Could You Manage Your Own Investment Property?

Four best time saving tips to assess your capability to manage your investment property solo.

 

Editor’s note: Part none of this real estate series:  3 Steps You Must Take Before Investing in Real Estate

If you’re considering investing in real estate, it’s easy to get caught up in the excitement of shopping for properties.

The ease of scanning listings on real estate apps means that you could scroll all day if you wanted. But it’s crucial to remember that finding the right investment is just the first step. The next one (which you should already be considering) is planning how to manage the property.

If you own several properties or you’re in the market for a short-term rental, choosing to use a management company is a no-brainer. In either case, maintaining the homes and tending to tenants can easily become a full-time job. It will be crucial that you consider the company’s management fee, which can range from 7-14 percent of your rent each month, during your search.

However, if you only own one or two long-term rental properties, it might feel like highway robbery to fork over that much money every month. After all, managing a single property requires about as much time as maintaining the home you currently live in. There are often months where the tenants don’t need a thing because everything is in working order.

So, what if I told you that with a few tips, managing your own property might be a viable option?

Consider the four time-saving tricks below and assess whether or not you feel prepared to manage your investment yourself:

1. Make Upgrades so You Don’t Have to Be There

A small upgrade like installing a keypad lock that allows you to set entry codes remotely can make all the difference for owning a rental. You can coordinate services and maintenance without having to trek to the property to let someone in every time. As an added bonus, these little niceties may even appeal to potential renters.

2. Get a Home Warranty

You can further remove yourself from the maintenance and repair process by buying a home warranty. This will cover a number of repairs for the cost of your premium plus a service call fee. All you have to do is file a claim (often online), and they’ll find a tradesman and schedule the service with your tenant.

It’s important to note that the warranty isn’t a failsafe, though.

When it comes to major repairs or replacements (like a new HVAC system), they’ll likely only cover the cost of a system equivalent to the one you currently have, even if it’s 20 years old. In cases where the cost of a new system or appliance isn’t fully covered, you may be able to take a check and coordinate service yourself.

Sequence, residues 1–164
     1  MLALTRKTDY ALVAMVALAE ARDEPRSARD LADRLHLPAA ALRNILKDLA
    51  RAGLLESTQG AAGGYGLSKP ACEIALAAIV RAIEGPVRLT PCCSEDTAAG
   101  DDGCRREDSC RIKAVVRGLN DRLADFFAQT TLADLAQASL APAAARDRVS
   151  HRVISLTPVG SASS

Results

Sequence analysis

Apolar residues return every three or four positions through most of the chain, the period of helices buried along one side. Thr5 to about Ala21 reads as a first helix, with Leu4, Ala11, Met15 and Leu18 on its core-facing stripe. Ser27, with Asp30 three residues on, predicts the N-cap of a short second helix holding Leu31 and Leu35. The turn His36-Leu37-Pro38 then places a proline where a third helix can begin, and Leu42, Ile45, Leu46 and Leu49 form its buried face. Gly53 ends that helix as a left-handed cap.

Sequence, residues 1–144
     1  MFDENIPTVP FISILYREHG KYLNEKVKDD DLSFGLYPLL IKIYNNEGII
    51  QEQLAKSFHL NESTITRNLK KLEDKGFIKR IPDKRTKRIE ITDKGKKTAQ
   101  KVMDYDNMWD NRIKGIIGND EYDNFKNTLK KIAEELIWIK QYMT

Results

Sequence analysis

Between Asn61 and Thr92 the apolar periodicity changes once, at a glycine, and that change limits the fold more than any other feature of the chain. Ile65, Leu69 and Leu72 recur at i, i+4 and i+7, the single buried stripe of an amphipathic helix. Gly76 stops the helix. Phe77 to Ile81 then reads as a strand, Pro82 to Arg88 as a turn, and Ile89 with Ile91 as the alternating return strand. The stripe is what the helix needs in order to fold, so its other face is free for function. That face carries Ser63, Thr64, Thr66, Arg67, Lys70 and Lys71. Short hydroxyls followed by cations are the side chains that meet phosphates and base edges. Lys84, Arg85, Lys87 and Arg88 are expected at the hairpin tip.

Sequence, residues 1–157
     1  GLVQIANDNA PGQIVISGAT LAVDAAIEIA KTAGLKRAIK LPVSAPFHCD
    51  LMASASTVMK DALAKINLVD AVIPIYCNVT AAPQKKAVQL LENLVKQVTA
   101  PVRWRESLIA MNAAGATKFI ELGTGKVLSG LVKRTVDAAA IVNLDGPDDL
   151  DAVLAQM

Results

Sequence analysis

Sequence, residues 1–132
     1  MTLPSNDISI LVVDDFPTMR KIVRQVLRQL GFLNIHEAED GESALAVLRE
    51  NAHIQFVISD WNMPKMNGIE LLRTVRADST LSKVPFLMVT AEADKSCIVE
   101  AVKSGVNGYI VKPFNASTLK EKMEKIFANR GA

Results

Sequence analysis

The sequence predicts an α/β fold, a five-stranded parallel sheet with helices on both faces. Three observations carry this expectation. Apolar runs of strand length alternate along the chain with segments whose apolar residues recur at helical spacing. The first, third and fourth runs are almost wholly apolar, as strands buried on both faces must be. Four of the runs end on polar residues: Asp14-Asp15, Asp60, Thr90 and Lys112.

This is a good idea because the warranty company is looking for whoever will work for the lowest price, not who will do the best job. For an important system like your HVAC, it’s worth the hassle of finding your own provider to ensure it’s installed well.

3. Use Your Real Estate Agent as a Resource

For those times when you find yourself coordinating service for your property, don’t forget that you have a secret weapon — your real estate agent.

Your agent likely has a list of service providers that he or she trusts and works with regularly. Don’t hesitate to ask for a reliable recommendation instead of spending hours vetting vendors.

4. Have a Local Contact

If you’re looking at properties in another city, it will be important to have an arrangement with someone close to the rental who can step in during emergencies for an hourly rate.

Whether it’s a trusted handyman or your real estate agent, the goal is to have a person to call when it’s necessary for someone to be present at the home. With this arrangement, it’s unlikely that you’ll ever have to scramble to make a long drive or catch a flight if something goes wrong with your property.

Obviously managing your own investment property, even with these tips, does take time. However, even during months when there are higher maintenance demands, you can keep things manageable with a few easy tricks.

As your real estate portfolio grows, it might make sense to hire a property manager, but until then, if you can manage the property yourself, you’ll be able to maximize your profits.

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